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Staying Protected During COVID-19

The novel coronavirus, COVID-19, is a big deal. For many of us the structure of our lives is changing daily; and those of us who are capable of doing our work remotely are likely doing so more than we ever have before.

It’s not likely that cybercriminals will cut us a break during this difficult time of quarantine and pandemic outbreak. If anything, we will only see an increase of attacks and ransom amounts since this is when infrastructures of modern civilization are needed most but have the least amount of time to react and debate on paying or negotiating the price. Also, many of the cybercriminals who breach and ransom as a side job are now forced to either work from home or their shifts are completely canceled, leaving them with more time and motivation to make up their income elsewhere. This is a prime circumstance for increased cyberattacks, and individuals and businesses should be hyper aware of their behavior both online and offline.

Not only are phishing and ransomware attacks, which tend to capitalise on current headlines, on the rise, but business email compromise is also up. This is when a cybercriminal breaks into a legitimate corporate email account and impersonates the real owner to defraud the business or its partners, customers, or employees into sending money or sensitive data to the attacker. With so many more people working remotely and less able to verify emailed requests from coworkers as legitimate, you can imagine how this threat could run rampant.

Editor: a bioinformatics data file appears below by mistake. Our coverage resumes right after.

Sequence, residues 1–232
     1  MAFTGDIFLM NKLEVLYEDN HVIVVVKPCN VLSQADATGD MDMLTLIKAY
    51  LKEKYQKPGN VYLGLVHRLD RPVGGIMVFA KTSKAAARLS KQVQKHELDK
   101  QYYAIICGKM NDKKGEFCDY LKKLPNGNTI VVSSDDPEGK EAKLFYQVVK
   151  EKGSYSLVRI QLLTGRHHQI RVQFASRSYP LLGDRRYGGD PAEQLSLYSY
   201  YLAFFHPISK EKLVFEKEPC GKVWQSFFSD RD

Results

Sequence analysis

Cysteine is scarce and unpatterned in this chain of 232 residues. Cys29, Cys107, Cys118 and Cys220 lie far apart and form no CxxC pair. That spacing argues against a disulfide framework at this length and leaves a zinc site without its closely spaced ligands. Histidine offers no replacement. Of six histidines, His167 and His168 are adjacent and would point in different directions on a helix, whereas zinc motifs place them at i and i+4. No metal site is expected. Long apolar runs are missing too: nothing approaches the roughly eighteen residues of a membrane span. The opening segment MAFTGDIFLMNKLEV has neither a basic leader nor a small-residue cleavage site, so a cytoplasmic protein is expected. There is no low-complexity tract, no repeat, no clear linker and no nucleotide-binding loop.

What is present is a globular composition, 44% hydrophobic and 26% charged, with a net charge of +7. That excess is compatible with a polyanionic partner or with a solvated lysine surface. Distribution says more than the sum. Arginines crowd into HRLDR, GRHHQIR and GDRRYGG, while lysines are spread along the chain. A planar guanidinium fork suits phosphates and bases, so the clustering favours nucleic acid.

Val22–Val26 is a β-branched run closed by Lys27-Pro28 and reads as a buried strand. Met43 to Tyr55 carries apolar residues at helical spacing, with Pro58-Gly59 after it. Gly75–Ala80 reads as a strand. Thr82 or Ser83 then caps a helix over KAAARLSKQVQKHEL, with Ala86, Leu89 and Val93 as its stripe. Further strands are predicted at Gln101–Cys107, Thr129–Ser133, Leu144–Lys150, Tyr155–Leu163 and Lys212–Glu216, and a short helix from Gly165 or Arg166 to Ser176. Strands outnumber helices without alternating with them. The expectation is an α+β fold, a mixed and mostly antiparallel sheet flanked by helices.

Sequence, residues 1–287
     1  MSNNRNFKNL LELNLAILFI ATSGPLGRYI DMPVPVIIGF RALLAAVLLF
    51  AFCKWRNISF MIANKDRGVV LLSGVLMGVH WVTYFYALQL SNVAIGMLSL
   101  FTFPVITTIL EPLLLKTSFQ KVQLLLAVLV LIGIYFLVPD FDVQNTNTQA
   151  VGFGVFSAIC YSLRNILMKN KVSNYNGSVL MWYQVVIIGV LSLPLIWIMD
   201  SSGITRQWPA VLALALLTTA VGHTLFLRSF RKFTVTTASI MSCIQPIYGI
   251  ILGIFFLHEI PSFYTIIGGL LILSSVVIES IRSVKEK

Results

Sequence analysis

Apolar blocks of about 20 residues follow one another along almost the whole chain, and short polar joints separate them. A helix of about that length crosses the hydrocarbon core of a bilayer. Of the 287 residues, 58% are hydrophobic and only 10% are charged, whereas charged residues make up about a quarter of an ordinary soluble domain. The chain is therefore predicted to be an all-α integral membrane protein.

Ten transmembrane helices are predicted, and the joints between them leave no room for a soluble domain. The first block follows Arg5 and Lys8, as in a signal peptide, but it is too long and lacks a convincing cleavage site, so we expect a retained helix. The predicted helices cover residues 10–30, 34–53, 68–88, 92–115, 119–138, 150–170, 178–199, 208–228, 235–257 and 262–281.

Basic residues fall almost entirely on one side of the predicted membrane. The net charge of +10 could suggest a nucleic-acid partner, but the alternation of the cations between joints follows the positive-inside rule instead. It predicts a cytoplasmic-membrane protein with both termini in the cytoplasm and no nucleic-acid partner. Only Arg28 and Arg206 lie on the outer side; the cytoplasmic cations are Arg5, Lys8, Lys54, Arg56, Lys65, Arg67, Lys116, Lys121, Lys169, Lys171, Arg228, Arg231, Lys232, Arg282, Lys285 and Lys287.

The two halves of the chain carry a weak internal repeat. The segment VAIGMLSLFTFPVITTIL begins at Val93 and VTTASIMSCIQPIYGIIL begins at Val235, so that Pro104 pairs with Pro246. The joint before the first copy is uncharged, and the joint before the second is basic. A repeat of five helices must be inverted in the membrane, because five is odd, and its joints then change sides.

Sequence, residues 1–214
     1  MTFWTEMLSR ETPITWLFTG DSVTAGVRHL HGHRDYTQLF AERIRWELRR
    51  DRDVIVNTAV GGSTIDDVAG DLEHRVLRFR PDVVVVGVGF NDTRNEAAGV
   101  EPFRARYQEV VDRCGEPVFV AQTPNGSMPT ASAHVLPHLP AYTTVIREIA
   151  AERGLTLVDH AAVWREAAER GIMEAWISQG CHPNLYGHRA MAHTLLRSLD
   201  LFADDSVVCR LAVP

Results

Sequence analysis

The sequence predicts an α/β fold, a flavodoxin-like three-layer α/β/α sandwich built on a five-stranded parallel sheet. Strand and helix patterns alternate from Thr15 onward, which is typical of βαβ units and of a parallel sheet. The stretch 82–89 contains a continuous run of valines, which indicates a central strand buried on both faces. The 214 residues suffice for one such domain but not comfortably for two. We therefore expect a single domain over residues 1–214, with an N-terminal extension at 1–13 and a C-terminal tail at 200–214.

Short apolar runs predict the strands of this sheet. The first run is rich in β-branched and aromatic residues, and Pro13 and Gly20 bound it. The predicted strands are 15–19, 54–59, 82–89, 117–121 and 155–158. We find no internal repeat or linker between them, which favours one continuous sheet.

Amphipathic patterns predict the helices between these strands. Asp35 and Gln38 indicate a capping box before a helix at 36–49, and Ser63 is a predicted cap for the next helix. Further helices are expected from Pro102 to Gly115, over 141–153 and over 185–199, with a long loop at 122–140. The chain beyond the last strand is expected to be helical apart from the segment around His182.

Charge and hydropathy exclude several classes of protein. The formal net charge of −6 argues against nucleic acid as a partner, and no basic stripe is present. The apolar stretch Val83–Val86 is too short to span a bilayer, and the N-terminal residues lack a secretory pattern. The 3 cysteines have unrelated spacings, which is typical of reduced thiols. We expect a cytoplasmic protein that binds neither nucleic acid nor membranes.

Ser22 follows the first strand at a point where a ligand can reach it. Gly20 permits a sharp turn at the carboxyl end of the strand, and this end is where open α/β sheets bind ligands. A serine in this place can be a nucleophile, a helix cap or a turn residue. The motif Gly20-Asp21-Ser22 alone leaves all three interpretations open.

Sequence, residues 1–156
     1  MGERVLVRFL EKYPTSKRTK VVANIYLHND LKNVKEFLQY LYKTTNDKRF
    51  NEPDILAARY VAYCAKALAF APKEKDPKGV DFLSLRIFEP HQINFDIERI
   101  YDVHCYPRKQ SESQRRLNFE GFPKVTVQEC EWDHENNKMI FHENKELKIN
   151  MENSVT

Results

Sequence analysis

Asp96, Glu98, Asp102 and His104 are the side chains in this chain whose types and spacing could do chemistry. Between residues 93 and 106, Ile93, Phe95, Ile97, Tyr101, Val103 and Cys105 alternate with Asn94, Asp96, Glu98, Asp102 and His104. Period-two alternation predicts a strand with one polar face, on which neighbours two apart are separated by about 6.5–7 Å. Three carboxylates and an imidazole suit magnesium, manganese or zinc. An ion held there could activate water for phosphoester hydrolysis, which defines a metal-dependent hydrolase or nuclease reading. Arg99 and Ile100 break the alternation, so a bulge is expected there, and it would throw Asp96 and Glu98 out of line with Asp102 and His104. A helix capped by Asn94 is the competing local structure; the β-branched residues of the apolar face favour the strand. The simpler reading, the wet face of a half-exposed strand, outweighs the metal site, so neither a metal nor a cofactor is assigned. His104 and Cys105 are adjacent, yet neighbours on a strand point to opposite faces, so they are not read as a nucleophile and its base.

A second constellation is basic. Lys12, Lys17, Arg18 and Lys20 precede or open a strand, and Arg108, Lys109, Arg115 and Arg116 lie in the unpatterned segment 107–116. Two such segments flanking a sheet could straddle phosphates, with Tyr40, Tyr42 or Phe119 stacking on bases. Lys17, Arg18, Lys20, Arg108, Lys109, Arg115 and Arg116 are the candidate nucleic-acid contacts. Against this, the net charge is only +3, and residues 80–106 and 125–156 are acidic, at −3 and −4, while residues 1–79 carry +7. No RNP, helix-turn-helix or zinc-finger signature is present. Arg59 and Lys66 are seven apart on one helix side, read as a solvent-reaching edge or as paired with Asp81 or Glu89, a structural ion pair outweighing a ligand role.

Below we have some tips for keeping your business safe with the sudden increase in remote workers.

  • Ensure you have antivirus protection on all your devices, and that it’s up to date.
  • Give all employees access to a VPN to help protect corporate data, wherever they connect.
  • Add collaboration tools so teams can continue to work together while physically separated.
  • Do not open emails regarding COVID-19 from unknown senders as these could be phishing scams.
  • Exercise caution when providing personal information. Be very suspicious of requests for personal information that occur via email, phone, text message, or social media message.
  • Encourage employees to be extra vigilant about unexpected invoices or other financial requests. Even when we’re all remote, it only takes a quick phone call to verify the legitimacy of an unusual request.
  • Add protection for Microsoft Office 365 and other collaboration platforms so content stored and shared in the cloud stays safe.
  • Empower employees to become a strong line of defense by educating them about cybersecurity and data safety risks.

The best defense is prevention. To prevent, you have to plan ahead.

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